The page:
This novel of murder and its aftermath in a small Vermont town in the 1950s is “reminiscent of To Kill a Mockingbird . . . Absorbing” (The New York Times).
In Kingdom County, Vermont, the town’s new Presbyterian minister is a black man, an unsettling fact for some of the locals. When a French-Canadian woman takes refuge in his parsonage—and is subsequently murdered—suspicion immediately falls on the clergyman. While his thirteen-year-old son struggles in the shadow of the town’s accusations, and his older son, a lawyer, fights to defend him, a father finds himself on trial more for who he is than for what he might have done.
“Set in northern Vermont in 1952, Mosher’s tale of racism and murder is powerful, viscerally affecting and totally contemporary in its exposure of deep-seated prejudice and intolerance . . . [A] big, old-fashioned novel.” —Publishers Weekly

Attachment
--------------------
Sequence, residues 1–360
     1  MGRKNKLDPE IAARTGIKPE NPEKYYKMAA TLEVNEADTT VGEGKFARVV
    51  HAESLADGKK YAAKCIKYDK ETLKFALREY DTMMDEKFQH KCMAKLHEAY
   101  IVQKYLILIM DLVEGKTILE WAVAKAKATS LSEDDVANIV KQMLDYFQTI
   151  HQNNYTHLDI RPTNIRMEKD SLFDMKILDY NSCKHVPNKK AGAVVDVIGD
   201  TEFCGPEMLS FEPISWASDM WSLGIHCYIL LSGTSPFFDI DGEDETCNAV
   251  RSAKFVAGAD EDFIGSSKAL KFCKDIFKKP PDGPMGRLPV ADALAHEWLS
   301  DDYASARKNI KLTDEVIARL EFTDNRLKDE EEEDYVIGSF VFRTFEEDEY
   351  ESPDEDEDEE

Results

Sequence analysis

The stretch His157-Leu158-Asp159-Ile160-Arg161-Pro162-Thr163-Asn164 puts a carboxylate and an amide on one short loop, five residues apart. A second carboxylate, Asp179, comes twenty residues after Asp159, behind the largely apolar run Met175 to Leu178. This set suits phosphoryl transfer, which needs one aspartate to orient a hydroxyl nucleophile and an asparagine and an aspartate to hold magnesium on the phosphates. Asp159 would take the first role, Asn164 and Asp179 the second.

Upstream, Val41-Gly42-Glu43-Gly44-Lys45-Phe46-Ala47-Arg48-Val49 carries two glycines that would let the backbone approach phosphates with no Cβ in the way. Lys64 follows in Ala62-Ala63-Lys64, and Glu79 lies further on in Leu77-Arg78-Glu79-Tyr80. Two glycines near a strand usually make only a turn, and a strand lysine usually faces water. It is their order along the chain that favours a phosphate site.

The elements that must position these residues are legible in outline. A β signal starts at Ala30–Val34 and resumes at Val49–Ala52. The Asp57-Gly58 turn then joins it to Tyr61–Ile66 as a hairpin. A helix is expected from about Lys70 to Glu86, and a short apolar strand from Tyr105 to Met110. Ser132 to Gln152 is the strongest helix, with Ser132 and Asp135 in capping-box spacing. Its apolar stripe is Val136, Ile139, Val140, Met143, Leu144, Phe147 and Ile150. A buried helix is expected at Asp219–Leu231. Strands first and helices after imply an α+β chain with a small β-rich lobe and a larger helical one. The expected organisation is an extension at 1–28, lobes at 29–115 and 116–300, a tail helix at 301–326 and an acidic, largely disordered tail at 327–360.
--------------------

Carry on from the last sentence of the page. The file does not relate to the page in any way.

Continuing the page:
“A real mystery in the best and truest sense.”—Lee Smith, The New York Times Book Review
A Winner of the New England Book Award
Set in northern Vermont in 1952, Mosher's ( Disappearances ) tale of racism and murder is powerful, viscerally affecting and totally contemporary in its exposure of deep-seated prejudice and intolerance. In this big, old-fashioned novel, the calm of Kingdom County is shattered when a high-spirited French-Canadian runaway is shot to death, and the black Presbyterian minister in whose home she took refuge is charged with killing her to conceal the alleged fact that he made her pregnant. Narrator Jim Kinneson, a high schooler whose tough dad runs the local newspaper, is almost painfully naive about racism, and the very leisurely pace, combined with the gossipy, small-town flavor, dampens the reader's interest for the first half of the book. But Walt Andrews, the wry, articulate minister, an ex-Olympic athlete and widower, is one of the most believable characters in recent memory, and the courtroom trial, which runs for nearly 100 pages, is highly dramatic. To get Andrews off the hook, Jim's inexperienced lawyer-brother must find the real murderer. A related puzzle, which involves a skeleton in the Kinneson family closet, pulls the loose ends together a bit too neatly. Film rights to United Artists; major ad/promo.